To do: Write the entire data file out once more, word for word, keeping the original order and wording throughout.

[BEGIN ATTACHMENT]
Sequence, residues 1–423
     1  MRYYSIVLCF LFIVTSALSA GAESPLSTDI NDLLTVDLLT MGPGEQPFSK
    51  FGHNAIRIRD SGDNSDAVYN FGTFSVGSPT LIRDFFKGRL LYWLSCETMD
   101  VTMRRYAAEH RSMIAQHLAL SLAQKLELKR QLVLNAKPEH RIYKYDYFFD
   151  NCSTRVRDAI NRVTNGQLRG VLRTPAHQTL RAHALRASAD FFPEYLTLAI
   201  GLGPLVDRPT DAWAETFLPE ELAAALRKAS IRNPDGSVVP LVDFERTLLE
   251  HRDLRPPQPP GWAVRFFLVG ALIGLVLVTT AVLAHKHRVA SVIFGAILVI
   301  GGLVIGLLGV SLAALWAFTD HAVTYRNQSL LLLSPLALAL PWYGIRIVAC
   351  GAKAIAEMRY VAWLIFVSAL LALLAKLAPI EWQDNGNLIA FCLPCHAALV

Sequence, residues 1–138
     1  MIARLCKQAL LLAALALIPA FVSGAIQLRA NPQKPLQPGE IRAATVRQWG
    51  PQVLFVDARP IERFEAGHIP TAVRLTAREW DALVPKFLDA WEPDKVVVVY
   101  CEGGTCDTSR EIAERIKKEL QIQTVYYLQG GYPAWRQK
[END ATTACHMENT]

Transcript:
Sequence, residues 1–423
     1  MRYYSIVLCF LFIVTSALSA GAESPLSTDI NDLLTVDLLT MGPGEQPFSK
    51  FGHNAIRIRD SGDNSDAVYN FGTFSVGSPT LIRDFFKGRL LYWLSCETMD
   101  VTMRRYAAEH RSMIAQHLAL SLAQKLELKR QLVLNAKPEH RIYKYDYFFD
   151  NCSTRVRDAI NRVTNGQLRG VLRTPAHQTL RAHALRASAD FFPEYLTLAI
   201  GLGPLVDRPT DAWAETFLPE ELAAALRKAS IRNPDGSVVP LVDFERTLLE
   251  HRDLRPPQPP GWAVRFFLVG ALIGLVLVTT AVLAHKHRVA SVIFGAILVI
   301  GGLVIGLLGV SLAALWAFTD HAVTYRNQSL LLLSPLALAL PWYGIRIVAC
   351  GAKAIAEMRY VAWLIFVSAL LALLAKLAPI EWQDNGNLIA FCLPCHAALV

Sequence, residues 1–138
     1  MIARLCKQAL LLAALALIPA FVSGAIQLRA NPQKPLQPGE IRAATVRQWG
    51  PQVLFVDARP IERFEAGHIP TAVRLTAREW DALVPKFLDA WEPDKVVVVY
   101  CEGGTCDTSR EIAERIKKEL QIQTVYYLQG GYPAWRQK